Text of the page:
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Paper clutter takes up space, creates stress and makes it harder to locate the documents you actually need. Excess paper also results in unnecessary environmental harm. It detracts from the appearance of your home or office as well. Fortunately, there are several effective ways to reduce, organize and avoid paper clutter.
Try to limit the amount of paper that reaches your desk to prevent buildup. If you receive unwanted mailings, ask the organizations or companies to remove your address from their mailing lists. Think about switching to online statements, coupons, bills and publications whenever possible. Some retailers give customers the option to receive their receipts via email instead of printing them on paper. Only print documents when it’s absolutely necessary.
If you often write notes on pieces of paper, consider using a mobile app or an internet-based service like Evernote instead. Another option is to create a computer document file for notes and put a shortcut icon for it on your desktop. If you really prefer writing on paper or find it time-consuming to manage notes on an electronic device, consider writing everything in a weekly planner booklet.
Try not to allow paper documents like bank statements and receipts to accumulate. Process, sort or discard them as quickly as possible. Set aside a single place or container that you’ll use to store papers until you’ve processed them. Don’t hide them or leave them scattered in different parts of your home or business. Choose a visible location that reminds you to sort new documents regularly.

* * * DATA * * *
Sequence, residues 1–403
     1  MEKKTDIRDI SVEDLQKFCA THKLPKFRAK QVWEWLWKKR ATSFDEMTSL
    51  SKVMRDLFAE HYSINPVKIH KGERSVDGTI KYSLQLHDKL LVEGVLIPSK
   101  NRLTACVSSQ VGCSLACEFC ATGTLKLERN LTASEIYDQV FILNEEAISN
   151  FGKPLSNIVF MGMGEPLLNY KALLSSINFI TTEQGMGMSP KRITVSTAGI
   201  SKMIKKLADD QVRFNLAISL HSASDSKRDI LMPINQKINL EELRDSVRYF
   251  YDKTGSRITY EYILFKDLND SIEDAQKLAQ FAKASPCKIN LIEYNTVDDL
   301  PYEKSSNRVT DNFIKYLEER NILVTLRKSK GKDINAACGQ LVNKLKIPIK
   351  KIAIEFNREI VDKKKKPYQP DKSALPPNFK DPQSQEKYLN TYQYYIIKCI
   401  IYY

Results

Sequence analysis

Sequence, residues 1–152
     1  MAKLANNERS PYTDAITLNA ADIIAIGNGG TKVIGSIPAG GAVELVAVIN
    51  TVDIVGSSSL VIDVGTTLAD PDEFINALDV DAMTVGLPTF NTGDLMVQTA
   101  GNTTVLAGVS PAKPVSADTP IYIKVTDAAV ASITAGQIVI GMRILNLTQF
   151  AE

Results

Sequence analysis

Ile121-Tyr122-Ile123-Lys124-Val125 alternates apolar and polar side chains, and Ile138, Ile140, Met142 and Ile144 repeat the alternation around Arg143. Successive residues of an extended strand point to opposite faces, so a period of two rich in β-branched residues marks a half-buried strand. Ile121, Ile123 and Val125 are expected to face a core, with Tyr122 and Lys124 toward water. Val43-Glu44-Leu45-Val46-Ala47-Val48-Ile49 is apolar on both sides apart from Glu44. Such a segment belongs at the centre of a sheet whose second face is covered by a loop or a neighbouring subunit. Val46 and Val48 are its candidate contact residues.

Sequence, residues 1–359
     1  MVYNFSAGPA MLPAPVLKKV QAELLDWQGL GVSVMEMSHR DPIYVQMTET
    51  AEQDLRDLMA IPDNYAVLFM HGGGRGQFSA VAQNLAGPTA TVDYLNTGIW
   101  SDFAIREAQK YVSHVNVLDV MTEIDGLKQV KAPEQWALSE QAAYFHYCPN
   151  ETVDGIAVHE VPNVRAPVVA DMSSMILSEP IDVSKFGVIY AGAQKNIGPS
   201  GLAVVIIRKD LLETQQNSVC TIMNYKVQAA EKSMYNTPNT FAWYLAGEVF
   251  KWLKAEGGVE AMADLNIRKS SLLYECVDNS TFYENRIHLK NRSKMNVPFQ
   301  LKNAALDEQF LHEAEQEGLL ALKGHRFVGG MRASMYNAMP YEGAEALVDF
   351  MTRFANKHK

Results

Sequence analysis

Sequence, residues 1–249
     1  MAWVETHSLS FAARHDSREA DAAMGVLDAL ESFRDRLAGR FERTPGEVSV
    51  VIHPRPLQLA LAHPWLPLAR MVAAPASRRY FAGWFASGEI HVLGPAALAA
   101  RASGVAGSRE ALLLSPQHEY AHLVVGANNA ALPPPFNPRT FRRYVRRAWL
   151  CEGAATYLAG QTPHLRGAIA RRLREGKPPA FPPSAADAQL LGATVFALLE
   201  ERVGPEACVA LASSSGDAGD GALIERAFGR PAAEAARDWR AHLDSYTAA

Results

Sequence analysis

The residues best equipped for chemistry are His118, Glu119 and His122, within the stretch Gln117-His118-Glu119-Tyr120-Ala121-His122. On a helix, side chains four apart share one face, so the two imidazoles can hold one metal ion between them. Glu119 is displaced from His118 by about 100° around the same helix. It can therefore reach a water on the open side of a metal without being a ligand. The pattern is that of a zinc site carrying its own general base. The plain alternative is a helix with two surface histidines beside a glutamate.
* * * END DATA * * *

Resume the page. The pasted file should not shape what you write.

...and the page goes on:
One way to eliminate existing papers is to scan them and store the images on a computer (or removable media). You’ll be able to print them out if you need them again. However, it’s vital to keep the equipment in a secure location and use up-to-date antivirus software to protect confidential data.
After you digitize a document or choose to discard it, you’ll have to decide what to do with the paper. If it doesn’t contain confidential information, put it in a recycling bin. Otherwise, strongly consider using a shredder or shredding service. Strip-cut shredders provide limited security; micro-cut and cross-cut models destroy documents far more thoroughly. Many recycling programs don’t accept shredded paper.
After you’ve banished the papers you don’t need, it’s best to store the remaining documents in an organized way. One option is to sort them into folders and keep them in a file cabinet. Consider looking for a cabinet that’s the same height as your desk; you can use the top surface to expand your work area. If you need a more affordable solution, shop for cardboard filing boxes.
While this process demands some effort and at least a little cash, it’s definitely worthwhile. You’ll be able to concentrate on tasks more easily, and it won’t be as hard to find specific documents. Likewise, you can feel good about reducing your environmental impact and having a more organized work area with greater visual appeal.